Colonel Bob Stewart DSO is MP for Beckenham and was the first United Nations Commander of British Forces in Bosnia
Photographs apparently showing Royal Air Force Regiment personnel posing beside the dead body of a Taliban fighter are of course utterly wrong and abhorrent. They are also illegal under military custom and law. Of course the Ministry of Defence is carrying out an investigation into the matter and has actually been doing so for some time. Indeed, it seems that two front-line servicemen may have been suspended over the matter already. All that is right and proper – as it should be.
The trophy photograph incident occurred after a particular ferocious fire fight which took place on the night and morning of 14/15 September 2012. Fifteen heavily-armed Taliban insurgents infiltrated into Camp Bastian and attacked the airfield. The resulting engagement lasted several hours, and tragically resulted in the deaths of two US Marine Corps personnel, Lieutenant Colonel Christopher Raible and Sergeant Bradley Atwell. Eight American personnel, eight British servicemen and one civilian contractor were also wounded. Six United States’ Harrier Jump jets were destroyed. British and American servicemen fought tenaciously to regain the initiative, and succeeded in killing 14 Taliban attackers and capturing a badly wounded fifteenth insurgent. It was a ferocious mini-battle.
The Defence Committee, of which I am a member, published a report on the incident less than a month ago, and before doing so we had visited the site of the incident. On 14 September 2012 the perimeter fence, through which the attackers approached the base, was guarded by British personnel. We, the Defence Committee, suggested that insufficient attention had been given to the fundamental requirement to defend Camp Bastian from external assault, and we believed that our guard force had been too complacent. But in fairness, looking at the ground as an old infantry soldier, spotting Taliban fighters cutting through the perimeter at that point may not have been easy, even if all sentries were fully alert and all guard towers manned.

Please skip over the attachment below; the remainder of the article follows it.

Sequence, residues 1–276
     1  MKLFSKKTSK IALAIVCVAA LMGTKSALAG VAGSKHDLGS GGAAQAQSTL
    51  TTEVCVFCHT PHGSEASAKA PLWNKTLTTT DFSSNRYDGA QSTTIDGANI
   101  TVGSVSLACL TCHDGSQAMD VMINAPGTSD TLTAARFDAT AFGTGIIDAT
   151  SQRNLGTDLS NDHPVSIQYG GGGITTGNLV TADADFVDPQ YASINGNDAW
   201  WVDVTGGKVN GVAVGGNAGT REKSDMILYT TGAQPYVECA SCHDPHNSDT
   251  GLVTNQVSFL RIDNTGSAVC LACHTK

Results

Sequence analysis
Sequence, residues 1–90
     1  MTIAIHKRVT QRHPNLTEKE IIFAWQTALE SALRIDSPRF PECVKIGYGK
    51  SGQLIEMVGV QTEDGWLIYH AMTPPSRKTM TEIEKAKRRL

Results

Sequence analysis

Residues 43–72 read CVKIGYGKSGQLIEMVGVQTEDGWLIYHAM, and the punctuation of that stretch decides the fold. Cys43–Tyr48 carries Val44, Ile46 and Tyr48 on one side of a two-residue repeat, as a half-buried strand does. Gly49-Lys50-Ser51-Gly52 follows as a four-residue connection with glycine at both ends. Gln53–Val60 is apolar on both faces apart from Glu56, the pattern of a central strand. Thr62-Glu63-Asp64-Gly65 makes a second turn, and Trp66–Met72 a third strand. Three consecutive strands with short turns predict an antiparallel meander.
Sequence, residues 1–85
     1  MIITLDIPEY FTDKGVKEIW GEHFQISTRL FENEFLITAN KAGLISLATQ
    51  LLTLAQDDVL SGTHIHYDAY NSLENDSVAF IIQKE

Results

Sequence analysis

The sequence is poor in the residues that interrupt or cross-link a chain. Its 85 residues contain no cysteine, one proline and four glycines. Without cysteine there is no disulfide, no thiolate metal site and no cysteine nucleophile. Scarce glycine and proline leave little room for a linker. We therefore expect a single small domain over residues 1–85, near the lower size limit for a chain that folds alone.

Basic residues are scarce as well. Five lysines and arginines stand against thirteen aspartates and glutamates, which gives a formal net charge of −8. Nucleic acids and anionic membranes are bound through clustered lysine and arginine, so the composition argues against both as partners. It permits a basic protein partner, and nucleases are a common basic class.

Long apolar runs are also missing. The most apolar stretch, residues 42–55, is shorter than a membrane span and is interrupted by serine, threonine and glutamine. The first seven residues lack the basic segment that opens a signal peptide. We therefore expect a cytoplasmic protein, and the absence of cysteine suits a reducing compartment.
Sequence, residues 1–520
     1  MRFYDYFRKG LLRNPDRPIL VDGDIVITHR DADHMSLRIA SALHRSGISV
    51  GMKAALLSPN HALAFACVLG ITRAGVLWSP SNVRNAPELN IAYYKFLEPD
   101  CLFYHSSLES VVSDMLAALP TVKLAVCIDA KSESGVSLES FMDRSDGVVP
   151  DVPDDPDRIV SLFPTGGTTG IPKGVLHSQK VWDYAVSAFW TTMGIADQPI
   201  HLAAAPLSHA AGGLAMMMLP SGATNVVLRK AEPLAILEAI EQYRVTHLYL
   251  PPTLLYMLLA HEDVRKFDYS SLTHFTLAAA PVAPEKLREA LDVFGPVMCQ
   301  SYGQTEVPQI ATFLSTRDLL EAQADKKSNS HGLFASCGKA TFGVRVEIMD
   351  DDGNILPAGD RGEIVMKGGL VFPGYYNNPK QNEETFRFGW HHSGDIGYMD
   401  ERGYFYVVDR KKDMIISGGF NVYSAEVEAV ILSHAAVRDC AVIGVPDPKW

But the damage was done and British and American servicemen had to fight hard to put it right. They did so in a small scale battle which clearly involved many casualties. That must have been incredibly nerve-wracking and frightening for those involved. Nobody faces the prospect of imminent death with equanimity no matter how courageous. I totally understand how our servicemen must have felt having survived their (possibly first time) in such close combat. Their relief at being alive after it would have been immense.
I don’t know whether those photographed were intimately involved in the fire fight, but certainly their close comrades would have been. Yet, after such an experience people do daft things – despite knowing what should happen.
An enemy soldier is an enemy until he is dead, but then his body deserves respect. Soldiers are only too well aware that the boot could have been on the other foot! In 1993 and in Bosnia, with as much respect as possible, I helped carry a dead Bosnian Serb soldier on a stretcher out of No Man’s land and back to his unit. The thanks we received from his comrades was immense. An enemy is an enemy until he is dead but then basic humanity kicks in. Article Three of the Geneva Conventions declares that enemy bodies must be treated with respect. All servicemen and women know and understand that – back in the safety of their barracks.
This incident is nothing to do with instances of abuse previous incidents such as at Abu Ghraib or the killing of a wounded prisoner. The comparisons are invidious and wrong. This was a silly action carried out when emotions were probably very high. Trophy photographs are totally unacceptable and shouldn’t happen, but a little part of me understands why they occur.